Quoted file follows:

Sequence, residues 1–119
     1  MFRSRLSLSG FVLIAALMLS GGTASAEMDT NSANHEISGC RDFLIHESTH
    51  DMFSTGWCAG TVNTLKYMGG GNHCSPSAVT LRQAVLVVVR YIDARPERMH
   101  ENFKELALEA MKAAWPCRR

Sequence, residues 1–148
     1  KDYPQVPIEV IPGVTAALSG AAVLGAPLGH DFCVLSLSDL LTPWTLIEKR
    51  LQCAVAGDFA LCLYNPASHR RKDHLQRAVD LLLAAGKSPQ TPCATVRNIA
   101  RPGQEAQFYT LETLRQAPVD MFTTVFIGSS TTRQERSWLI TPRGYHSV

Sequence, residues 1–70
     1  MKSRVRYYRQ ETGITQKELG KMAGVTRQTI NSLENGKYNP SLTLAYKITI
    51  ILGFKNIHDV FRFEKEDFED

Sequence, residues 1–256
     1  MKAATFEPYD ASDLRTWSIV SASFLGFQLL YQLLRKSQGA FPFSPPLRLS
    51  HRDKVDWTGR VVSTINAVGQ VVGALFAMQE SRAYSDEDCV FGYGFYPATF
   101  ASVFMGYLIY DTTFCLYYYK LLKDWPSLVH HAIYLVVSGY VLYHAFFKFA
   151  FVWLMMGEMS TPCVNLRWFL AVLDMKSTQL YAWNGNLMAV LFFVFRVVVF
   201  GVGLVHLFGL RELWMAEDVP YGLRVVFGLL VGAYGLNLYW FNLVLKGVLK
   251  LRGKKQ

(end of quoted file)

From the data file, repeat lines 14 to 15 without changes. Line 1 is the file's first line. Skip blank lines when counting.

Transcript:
    51  HRDKVDWTGR VVSTINAVGQ VVGALFAMQE SRAYSDEDCV FGYGFYPATF
   101  ASVFMGYLIY DTTFCLYYYK LLKDWPSLVH HAIYLVVSGY VLYHAFFKFA